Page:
A lack of sanitary bins for men is a wee problem that nobody wants to talk about
Gino Scaffidi has found the lack of sanitary bins in men’s toilets a problem since undergoing prostate surgery. (ABC News: Andrea Mayes)
They’re ubiquitous in women’s toilets — but what happens if you’re a man and you need to use a sanitary bin?
And why would men need sanitary bins anyway?
It turns out an awful lot of men will have reason to use a sanitary bin in their lifetime, usually because of incontinence arising from prostate issues.
The Continence Foundation estimates about one in four Australians suffer incontinence, and if you add in the fact that about one in six men develop prostate cancer, that means you have a good chance of needing to seek out a sanitary bin if you’re a bloke.
Yet many men are finding that’s not so easy.
Facing up to a nappy reality
Builder Gino Scaffidi, 66, was diagnosed with prostate cancer earlier this year and underwent surgery in July.
But he was utterly unprepared for what was to come.
“I felt like I had gone into it completely blindly, it just didn’t sink in about what things were going to be like,” he said.
Those things included being incontinent and having to wear adult nappies or incontinence pants while he recovered from the operation.
“I’ve never changed a nappy in my bloody life and here I am changing my own,” he said.
As he soon discovered, this made going out anywhere problematic.
Lina Scaffidi says she doesn’t want other men to suffer the way her husband Gino has. (ABC News: Andrea Mayes)
“I went to the men’s toilets at the shopping centre, and there was nowhere to dispose of it,” he said.
‘There were no bins in there at all, so I ended up having to wrap it up and hide it behind the cistern for the cleaners to find.
“The first time I tried to go out I ended up turning around and driving home again.”
It has meant Mr Scaffidi has largely avoided going out in the almost four months since his surgery.
Thanks to a rigorous pelvic floor exercise routine devised by his physiotherapist, men’s health specialist Jo Milios, Mr Scaffidi was expected to regain his continence within weeks.
But his wife, Lina, was determined that other men should not have to suffer the embarrassment and social isolation her husband has experienced.
‘It got my blood boiling’
Ms Scaffidi has begun a crusade to get sanitary bins in men’s toilets, including collecting signatories for a petition she planned to send to the Federal Government, seeking public submissions for its National Men’s Health Strategy 2020-2030.
Her campaign has included ringing talkback radio in a (failed) attempt to talk to Prime Minister Scott Morrison about the issue (she was told “you can’t ask the PM that!”).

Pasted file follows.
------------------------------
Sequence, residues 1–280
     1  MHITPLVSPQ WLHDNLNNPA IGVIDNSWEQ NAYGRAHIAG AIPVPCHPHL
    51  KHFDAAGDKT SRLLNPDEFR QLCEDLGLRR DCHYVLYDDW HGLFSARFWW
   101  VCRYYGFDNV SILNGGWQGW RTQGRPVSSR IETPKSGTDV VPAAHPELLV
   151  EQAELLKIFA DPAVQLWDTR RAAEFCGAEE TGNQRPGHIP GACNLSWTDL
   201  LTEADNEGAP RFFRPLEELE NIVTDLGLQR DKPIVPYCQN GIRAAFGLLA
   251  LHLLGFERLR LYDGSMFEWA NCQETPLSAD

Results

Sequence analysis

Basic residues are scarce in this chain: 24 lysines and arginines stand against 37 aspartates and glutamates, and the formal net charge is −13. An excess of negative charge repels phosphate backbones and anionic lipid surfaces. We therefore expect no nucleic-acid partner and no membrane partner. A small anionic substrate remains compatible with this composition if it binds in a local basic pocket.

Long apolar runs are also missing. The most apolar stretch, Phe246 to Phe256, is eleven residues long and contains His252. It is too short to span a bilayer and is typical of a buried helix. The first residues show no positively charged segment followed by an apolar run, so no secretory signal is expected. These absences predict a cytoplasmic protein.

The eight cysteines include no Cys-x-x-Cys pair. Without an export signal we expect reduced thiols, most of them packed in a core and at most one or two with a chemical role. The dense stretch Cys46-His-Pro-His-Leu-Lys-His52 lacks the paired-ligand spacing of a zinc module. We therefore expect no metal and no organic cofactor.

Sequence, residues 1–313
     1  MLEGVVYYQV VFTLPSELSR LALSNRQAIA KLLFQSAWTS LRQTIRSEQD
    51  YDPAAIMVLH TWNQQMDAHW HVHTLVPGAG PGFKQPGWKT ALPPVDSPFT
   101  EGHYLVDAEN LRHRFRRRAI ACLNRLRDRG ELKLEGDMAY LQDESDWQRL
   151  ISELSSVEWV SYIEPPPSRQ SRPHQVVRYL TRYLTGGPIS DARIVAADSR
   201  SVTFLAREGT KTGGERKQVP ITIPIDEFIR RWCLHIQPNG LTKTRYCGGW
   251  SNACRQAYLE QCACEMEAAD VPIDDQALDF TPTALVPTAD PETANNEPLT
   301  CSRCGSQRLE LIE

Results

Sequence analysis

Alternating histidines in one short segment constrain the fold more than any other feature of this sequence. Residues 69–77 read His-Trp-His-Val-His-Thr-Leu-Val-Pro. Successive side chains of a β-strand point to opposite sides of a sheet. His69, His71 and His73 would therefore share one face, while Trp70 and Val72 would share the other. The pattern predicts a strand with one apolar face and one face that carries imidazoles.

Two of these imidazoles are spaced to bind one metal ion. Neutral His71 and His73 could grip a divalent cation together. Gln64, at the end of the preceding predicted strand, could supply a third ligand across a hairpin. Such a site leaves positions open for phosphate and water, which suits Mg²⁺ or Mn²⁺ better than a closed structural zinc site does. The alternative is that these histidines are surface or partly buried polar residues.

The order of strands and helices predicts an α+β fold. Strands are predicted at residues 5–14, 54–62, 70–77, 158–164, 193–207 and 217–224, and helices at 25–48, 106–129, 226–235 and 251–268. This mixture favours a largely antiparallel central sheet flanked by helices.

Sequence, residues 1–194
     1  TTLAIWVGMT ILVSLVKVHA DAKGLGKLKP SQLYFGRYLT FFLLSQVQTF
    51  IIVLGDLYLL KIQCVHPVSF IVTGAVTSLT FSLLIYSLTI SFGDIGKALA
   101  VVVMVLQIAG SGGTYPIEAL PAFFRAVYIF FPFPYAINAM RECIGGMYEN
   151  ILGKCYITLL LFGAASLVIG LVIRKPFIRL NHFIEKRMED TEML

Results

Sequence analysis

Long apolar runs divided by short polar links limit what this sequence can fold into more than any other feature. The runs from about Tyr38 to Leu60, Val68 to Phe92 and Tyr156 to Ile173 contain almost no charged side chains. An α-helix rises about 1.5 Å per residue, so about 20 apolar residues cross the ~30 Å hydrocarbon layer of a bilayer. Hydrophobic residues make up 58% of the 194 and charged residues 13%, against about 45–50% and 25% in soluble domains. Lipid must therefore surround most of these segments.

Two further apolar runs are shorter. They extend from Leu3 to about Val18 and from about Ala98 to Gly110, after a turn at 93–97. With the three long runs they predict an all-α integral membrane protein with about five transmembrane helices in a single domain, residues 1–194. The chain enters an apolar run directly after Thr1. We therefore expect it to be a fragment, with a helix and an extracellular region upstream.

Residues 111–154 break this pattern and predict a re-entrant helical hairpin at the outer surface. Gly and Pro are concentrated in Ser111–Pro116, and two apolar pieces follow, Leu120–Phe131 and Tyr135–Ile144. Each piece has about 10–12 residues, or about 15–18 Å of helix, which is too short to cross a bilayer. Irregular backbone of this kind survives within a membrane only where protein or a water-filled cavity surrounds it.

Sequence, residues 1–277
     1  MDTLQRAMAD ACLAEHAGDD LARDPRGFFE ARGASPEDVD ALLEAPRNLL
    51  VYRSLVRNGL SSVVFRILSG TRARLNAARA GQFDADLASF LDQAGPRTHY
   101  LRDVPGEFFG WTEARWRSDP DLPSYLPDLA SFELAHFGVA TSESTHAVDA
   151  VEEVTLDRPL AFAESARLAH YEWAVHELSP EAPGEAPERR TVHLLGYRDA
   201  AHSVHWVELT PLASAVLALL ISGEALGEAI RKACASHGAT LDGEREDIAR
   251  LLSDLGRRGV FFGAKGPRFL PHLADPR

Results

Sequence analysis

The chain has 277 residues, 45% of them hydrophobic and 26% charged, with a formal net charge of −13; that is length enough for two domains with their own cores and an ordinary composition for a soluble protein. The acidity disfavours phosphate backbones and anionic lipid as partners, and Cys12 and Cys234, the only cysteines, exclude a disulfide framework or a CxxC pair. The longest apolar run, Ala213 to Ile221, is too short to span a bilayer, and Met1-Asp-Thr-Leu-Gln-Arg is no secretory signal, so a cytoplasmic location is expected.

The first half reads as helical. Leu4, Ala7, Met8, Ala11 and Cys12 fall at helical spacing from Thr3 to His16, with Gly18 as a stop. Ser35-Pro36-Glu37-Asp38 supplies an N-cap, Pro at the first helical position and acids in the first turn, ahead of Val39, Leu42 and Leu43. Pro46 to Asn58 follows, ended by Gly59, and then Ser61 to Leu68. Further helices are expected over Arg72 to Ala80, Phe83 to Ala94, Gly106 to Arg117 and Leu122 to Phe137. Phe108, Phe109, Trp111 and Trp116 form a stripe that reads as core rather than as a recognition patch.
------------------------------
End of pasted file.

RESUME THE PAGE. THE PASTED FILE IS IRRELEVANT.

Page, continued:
Her efforts have also included standing outside Bunnings to talk to men about prostate health, and calling shopping centres, local councils, health authorities and anyone else she can think of about the lack of sanitary bins for men.
Ms Scaffidi said her husband’s surgeon had provided little information about what to expect after surgery, and when she asked him about the problem of disposing of nappies and pads, he had told her “you’re a practical person, you’ll think of something”.
Lina Scaffidi has made a range of fabric bags for men to carry incontinence pads and nappies in. (ABC News: Andrea Mayes)
“That really got my blood boiling,” Mrs Scaffidi said.
“I was really shocked because I thought a specialist would have thought about that.
“I thought ‘this is just not good enough. I have a son, I have a son-in-law, I have three grandsons’,” she said.
“What happens if my grandsons are affected down the track?”
Times are slowly changing
Ms Scaffidi’s crusade has already met with some success.
After she contacted Westfield, the company agreed to trial bins in disabled toilets at some of its shopping centres, including Innaloo.
She’s also raised the issue with Perth’s biggest local council, the City of Stirling, which has pledged to look into options.
And she’s begun making discreet fabric bags for men to carry their nappies and pads in, which she hopes to distribute through the Men’s Sheds network.
Jo Milios says prostate issues and incontinence can have a detrimental effect on men’s mental health. (ABC News: Andrea Mayes)
Kevin Skipworth, who is on the board of Men’s Sheds WA, said the issue was one that many men were reluctant to talk about out of embarrassment.
“We don’t know how much of a problem it is, but I certainly know guys who are affected,” he said.
“I think this sort of thing can really play into men’s mental health and wellbeing, and it’s important that we get something done.”
Ms Milios agreed.
“It can really take a mental toll on men,” she said.
“I see a lot of men who are suffering from self-esteem issues after prostate surgery, and not being able to access sanitary bins isn’t helping.”
She said she had successfully treated male patients suffering incontinence up to 20 years after they had prostate surgery using exercise therapy, giving them a significant psychological boost.
Continence Foundation spokeswoman Jodie Harrison said between 10 and 15 per cent of Australian men suffered from incontinence, rising to up to 30 per cent of men over 70.
She said the foundation was very supportive of moves to get sanitary bins in men’s toilets, and some local councils, including Gawler in South Australia, had already begun installing them.
Foundation chief executive Rowan Cockerall said he hoped other councils would do likewise.
“It’s clear that the lack of sanitary disposal bins in men’s toilets is a widespread problem across Australia, but immediate change can happen when communities work together,” he said.